International Olympic Committee
known as Olympic Solidarity. Through the organisation of the State Olympic Councils, Team Appeal Committees across Australia
Australia
plan corporate events to achieve a national fundraising target. The AOC also receives income distributions from the Australian Olympic Foundation. The AOC neither seeks or derives any funding from the Australian Government. The Commonwealth Government, through the Australian Sports Commission and the Australian Institute of Sport, is the major funding source for high performance sport in Australia. The ASC/AIS, and State Institutes and Academies of Sport provide critical assistance to the AOCs member National Sport Federations and to athletes directly for their preparation for the Olympic Games. In the period 2013–2016, the total AOC quadrennial funding of its Olympic programs is budgeted for in excess of $42 million. This funding includes sports on the program of the 2016 Olympic Games, sports on the programs for the 2014 and 2018 Olympic Winter Games
Olympic Winter Games
and Olympic Education.[8] International Olympic Committee
International Olympic Committee
members[edit] Leonard A Cuff (1894–1905), Richard Coombes (1905–1932), James Taylor (1924–1944), Sir Harold Luxton (1933–1951), Hugh R Weir, (1946–1975), Lewis Luxton (1951–1974), David H Mckenzie (1974–1981), Kevan Gosper, (1977–2013), Phillip W Coles (1982–2011), Susan O'Neill, (2000–2005), John D Coates (2001 – present), James Tomkins (2013–present)[5] See also[edit]

Olympics portal

Australia
Australia
at the Olympics Australian Youth Olympic Festival Australian Sports Commission Australian Institute of Sport Sport in Australia Boxing Kangaroo Olympic Winter Institute of Australia Australian Olympic Foundation Australian Commonwealth Games Association

References[edit]

^ a b c "AOC Executive".  ^ "Athletes' Commission".  ^ a b c d Gordon, Harry (1994). Australia
Australia
at the Olympic Games. Brisbane: University of Queensland
Queensland
Press. ISBN 0702226270.  ^ Jobling, Ian (November 1994). "Olympic Proposals and Bids by Australian Cities" (PDF). Sporting Traditions. 11 (1): 37–56.  ^ a b c d "AOC Office Bearers and Australian IOC Members". Australian Olympic Committee website. Retrieved 13 May 2015.  ^ " Australian Olympic Committee
Australian Olympic Committee
CEO Fiona de Jong resigns". The Guardian. 10 October 2016. Retrieved 14 October 2016.  ^ "Carroll is new Aust Olympic Committee CEO". SBS News. 13 March 2017. Retrieved 13 March 2017.  ^ Australian Olympic Committee
Australian Olympic Committee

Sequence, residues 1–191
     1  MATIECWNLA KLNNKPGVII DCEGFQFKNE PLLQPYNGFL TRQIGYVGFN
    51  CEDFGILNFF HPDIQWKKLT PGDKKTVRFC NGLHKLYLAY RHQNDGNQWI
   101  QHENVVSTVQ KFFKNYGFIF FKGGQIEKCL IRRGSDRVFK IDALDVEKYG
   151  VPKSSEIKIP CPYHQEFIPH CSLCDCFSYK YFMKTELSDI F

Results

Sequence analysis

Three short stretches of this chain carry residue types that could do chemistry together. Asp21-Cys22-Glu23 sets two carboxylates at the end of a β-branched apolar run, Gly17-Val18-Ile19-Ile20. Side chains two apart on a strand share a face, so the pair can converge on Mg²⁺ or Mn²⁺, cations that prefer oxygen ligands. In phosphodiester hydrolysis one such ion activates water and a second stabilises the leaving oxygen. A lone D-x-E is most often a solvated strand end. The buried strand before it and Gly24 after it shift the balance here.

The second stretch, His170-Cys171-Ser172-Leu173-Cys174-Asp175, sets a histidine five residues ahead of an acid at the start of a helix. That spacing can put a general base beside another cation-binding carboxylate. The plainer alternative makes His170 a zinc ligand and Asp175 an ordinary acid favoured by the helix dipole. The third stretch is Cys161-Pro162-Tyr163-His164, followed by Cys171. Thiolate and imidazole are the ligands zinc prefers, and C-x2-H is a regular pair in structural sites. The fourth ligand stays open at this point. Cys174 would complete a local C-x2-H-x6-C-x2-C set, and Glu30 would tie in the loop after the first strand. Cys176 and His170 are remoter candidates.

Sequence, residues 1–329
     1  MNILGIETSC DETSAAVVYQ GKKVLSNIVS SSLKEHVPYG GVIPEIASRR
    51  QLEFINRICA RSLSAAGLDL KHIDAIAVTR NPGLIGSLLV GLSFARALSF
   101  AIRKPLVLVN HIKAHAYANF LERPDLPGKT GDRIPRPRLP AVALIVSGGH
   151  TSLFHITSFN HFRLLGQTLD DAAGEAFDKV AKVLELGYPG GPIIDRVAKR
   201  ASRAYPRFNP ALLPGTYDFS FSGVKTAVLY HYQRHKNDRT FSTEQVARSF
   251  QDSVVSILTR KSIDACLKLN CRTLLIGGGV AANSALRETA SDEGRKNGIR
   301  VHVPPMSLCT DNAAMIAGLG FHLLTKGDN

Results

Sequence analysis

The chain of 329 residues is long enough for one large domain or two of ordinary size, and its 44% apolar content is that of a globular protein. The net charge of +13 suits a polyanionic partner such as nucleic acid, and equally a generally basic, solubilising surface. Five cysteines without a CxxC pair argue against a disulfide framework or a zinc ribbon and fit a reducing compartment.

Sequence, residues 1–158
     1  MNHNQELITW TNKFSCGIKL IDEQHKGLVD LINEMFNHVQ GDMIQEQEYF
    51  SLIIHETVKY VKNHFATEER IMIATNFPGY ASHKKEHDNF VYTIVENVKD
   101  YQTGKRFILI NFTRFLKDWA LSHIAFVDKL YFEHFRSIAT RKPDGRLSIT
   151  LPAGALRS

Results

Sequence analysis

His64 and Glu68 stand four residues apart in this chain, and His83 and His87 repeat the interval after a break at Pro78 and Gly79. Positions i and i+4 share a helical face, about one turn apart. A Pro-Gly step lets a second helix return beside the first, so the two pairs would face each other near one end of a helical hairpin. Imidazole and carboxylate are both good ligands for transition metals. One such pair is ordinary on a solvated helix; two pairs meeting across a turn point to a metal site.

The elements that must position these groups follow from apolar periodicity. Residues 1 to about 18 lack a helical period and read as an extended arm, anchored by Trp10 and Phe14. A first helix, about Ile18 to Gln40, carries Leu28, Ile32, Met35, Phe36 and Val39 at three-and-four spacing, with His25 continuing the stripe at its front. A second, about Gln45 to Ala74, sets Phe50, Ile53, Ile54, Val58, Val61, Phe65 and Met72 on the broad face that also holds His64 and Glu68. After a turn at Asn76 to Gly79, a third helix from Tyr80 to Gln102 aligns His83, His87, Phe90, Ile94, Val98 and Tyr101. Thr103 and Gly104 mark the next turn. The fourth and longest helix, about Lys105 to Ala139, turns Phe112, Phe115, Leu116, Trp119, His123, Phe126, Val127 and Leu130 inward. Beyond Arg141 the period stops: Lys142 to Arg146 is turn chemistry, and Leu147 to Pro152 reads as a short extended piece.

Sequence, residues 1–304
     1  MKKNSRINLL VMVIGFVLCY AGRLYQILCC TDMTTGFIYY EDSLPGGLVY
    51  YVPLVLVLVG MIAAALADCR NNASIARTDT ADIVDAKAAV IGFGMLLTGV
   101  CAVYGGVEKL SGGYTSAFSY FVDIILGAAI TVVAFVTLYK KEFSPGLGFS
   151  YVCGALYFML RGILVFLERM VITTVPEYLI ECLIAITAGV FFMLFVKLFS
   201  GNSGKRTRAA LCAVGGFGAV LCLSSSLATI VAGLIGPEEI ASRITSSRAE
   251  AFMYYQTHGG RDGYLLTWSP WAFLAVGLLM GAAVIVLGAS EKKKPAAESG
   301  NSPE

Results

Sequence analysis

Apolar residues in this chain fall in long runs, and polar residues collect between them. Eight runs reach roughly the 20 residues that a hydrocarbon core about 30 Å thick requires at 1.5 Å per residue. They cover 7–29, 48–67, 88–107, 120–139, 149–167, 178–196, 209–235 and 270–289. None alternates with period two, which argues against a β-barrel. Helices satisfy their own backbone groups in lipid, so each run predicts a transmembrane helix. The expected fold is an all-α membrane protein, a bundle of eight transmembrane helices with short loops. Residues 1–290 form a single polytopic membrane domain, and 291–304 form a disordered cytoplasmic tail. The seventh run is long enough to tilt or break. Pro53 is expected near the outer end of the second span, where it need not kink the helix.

Programs and Funding Guidelines

Bibliography[edit]

Andrews, Malcolm. Australia
Australia
at the Olympics. Rev. ed. Sydney, ABC Books for the Australian Broadcasting Corporation, 2000. Australian Olympic Committee. The compendium : official Australian Olympic statistics, 1896–2002 / compiled by the Australian Olympic Committee. St. Lucia., Qld., University of Queensland
Queensland
Press, c2003 Gordon, Harry. From Athens with pride : the official history of the Australian Olympic movement, 1894 to 2014. St Lucia, Qld., University of Queensland
Queensland
Press, 2014. Gordon, Harry. Gold! : an Olympic celebration. Melbourne : Wilkinson Publishing, 2008 Poke, Robin ad Berry, Kevin (eds). Olympic gold : our greatest individual Olympians since 1896. Sydney, Murdoch Books, 2012.

External links[edit]

Official website Australian Winter Olympic Institute

v t e

Oceania National Olympic Committees
Oceania National Olympic Committees
(ONOC)

American Samoa Australia Cook Islands Federated States of Micronesia Fiji Guam Kiribati Marshall Islands Nauru New Zealand Palau Papua New Guinea Samoa Solomon Islands Tonga Tuvalu Vanuatu

v t e

Sports governing bodies in Australia
Australia
(AUS)

Summer Olympic sports

Aquatics

Diving Swimming Water polo

Archery Athletics Badminton Basketball Boxing Canoeing Cycling Equestrian Fencing Field hockey Football Golf Gymnastics Handball Judo Modern pentathlon Rugby 7's Rowing Sailing Shooting Table tennis Taekwondo Tennis Triathlon Volleyball/Beach volleyball Weightlifting Wrestling

Winter Olympic sports

Biathlon Bobsleigh Curling Skating

Figure Speed Short track

Ice hockey Luge Skeleton Skiing

Alpine Cross country Nordic combined Freestyle Jumping

Snowboarding

Other IOC recognised sports

Air sports Auto racing Bandy Baseball Boules Bowling Bridge Chess Cricket Cue sports Dance sport Floorball Karate Korfball Lacrosse Motor racing Motorcycle racing Mountaineering and Climbing Netball Orienteering Pelota Vasca Polo Powerboating Racquetball Roller sports Rugby union Softball Sport climbing Squash Sumo Surfing Tug of war Lifesaving

Non-surf Surf

Underwater sports Waterski and wakeboard Wushu

Paralympics and disabled sports

Blind sports Disabled Winter Sport Australia

Other sports

Arm wrestling Australian rules football Bodybuilding Bowls Broomball Croquet Drag racing Draughts Gaelic games Gliding Greyhound racing Gridiron Harness racing Jujutsu Karting Kendo Mixed martial arts Muaythai Parkour Polocrosse Powerlifting Professional boxing Radio-controlled racing Thoroughbred horse racing Quidditch Real tennis Rugby league Rodeo Sambo Skateboarding Touch football Woodchopping

Australian Olympic Committee Australian Paralympic Committee Australian Sports Anti-Doping Authority Australian Sports Commission Confederation of Australian Sport Commonweal